Unsupervised children are more likely to become depressed, smoke cigarettes and marijuana and drink alcohol. They are also more likely to be the victims of crimes. When home alone, latchkey children generally watch television, eat snacks, play with pets and fight with siblings.

Adolescents who fall under the classification of latchkey children are more likely than others of the same age group to experience feelings of rage and isolation and to express those emotions in a physically aggressive manner. While there are certainly genetic and biological factors involved in the development of an adolescent’s propensity towards acting out their feelings of rage and isolation, environment also plays a key role in this arena. Sociologists have found that many latchkey children, because they are frequently raised in dysfunctional families, are taught by example to be manipulative, secretive and unpredictable. They often instinctively develop a sense of timing and management of their emotions. These are skills that can be easily and directly used to portray a false picture of themselves and their living situation.

Making the decision: When is a child ready to be home alone? Personality characteristics, skills, and maturity are useful criteria for determining a child’s readiness to be home alone. Personality doesn’t generally change much with age, although children can learn to modify some of their reactions as they learn what is expected of them. There are some children who find it very difficult to be alone, some who need time and gradual exposure to become accustomed to being by themselves, and some who adapt easily.

The personality characteristics of the child who is ready to be home alone is a child who

– is not fearful, feels at ease in the world and is self-confident

– is calm, and is not excitable when something unexpected happens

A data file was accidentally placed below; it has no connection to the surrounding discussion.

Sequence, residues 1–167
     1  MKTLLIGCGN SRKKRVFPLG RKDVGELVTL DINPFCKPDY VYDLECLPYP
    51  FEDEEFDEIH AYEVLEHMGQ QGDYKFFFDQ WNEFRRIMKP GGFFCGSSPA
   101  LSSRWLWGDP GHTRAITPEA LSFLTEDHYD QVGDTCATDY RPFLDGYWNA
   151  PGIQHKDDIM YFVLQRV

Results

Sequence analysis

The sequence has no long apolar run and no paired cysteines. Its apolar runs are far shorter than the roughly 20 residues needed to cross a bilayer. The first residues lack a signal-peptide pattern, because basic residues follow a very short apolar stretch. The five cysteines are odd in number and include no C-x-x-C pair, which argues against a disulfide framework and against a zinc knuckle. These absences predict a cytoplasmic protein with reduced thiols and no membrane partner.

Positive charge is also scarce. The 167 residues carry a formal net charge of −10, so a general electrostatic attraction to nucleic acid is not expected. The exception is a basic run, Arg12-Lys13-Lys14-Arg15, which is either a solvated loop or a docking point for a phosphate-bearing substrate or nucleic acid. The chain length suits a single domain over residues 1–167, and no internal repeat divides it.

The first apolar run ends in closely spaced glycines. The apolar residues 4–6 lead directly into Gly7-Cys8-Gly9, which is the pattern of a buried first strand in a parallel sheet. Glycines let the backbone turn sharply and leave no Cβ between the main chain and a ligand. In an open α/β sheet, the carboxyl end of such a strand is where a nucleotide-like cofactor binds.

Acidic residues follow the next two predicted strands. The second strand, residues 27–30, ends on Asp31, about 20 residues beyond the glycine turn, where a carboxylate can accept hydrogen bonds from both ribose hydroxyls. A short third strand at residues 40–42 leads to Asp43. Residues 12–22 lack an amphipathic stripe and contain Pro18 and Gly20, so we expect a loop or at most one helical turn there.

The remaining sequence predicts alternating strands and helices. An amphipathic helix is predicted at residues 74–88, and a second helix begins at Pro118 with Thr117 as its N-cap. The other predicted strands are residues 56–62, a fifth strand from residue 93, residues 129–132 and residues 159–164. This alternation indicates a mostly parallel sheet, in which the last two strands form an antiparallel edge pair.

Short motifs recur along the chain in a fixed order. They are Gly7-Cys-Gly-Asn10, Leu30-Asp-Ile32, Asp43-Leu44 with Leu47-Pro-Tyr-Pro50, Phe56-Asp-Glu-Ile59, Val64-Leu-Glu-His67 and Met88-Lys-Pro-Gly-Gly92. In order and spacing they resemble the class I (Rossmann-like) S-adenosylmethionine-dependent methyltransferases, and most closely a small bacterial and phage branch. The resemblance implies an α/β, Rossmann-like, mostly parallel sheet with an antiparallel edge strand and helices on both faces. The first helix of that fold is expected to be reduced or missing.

– is outgoing and talks about his or her feelings and thoughts readily with parents and others

– admits wrongdoing, even when expecting disapproval

– has courage enough to resist pressure from friends and others.

In many communities there are activities for school-age children whose parents work and cannot be at home in the afternoon. The importance of looking into these is stressed by child development professionals. According to James Comer of Yale University, “the period between 10 and 15 years is a time when young people re-examine their attitudes and values. They are being pressured by peers. They need to be protected by responsible adults who will help them examine and counter some of these attitudes.”

The activities available vary as does the cost. Some are more popular with children than others, and some are more rewarding, but all are preferable to sitting at home in front of the television. These programmes can vary in cost or are free, depending upon the particular activity and the age of the child. All of them offer the opportunity to acquire skills and knowledge that are useful throughout life. Children who are not learning anything for hours every week are at a distinct disadvantage compared to children who are engaged in enriching activities. In the words of T. Berry Brazelton, of Harvard University: “During these all important bridge years between childhood and adulthood, kids really do need something constructive to do, and they also still need to have their activities supervised. Most of all, they need to know that their parents care about them, are involved in their lives, and have their best interests at heart.”

Unlock your full potential in the IELTS Reading section – Visit our IELTS Reading Practice Question Answer page now!

Recommended Questions:

Renewable Energy IELTS Reading Question with Answer

Latchkey Children Reading Questions

Questions 1-3 

Choose THREE letters A-H

NB  Your answers may be given in any order

Which THREE of the following statements are mentioned in the text?

A   Youth crime is no longer attributable to the economic background.
B   The greatest cause for concern is the children whose parents work the night shift.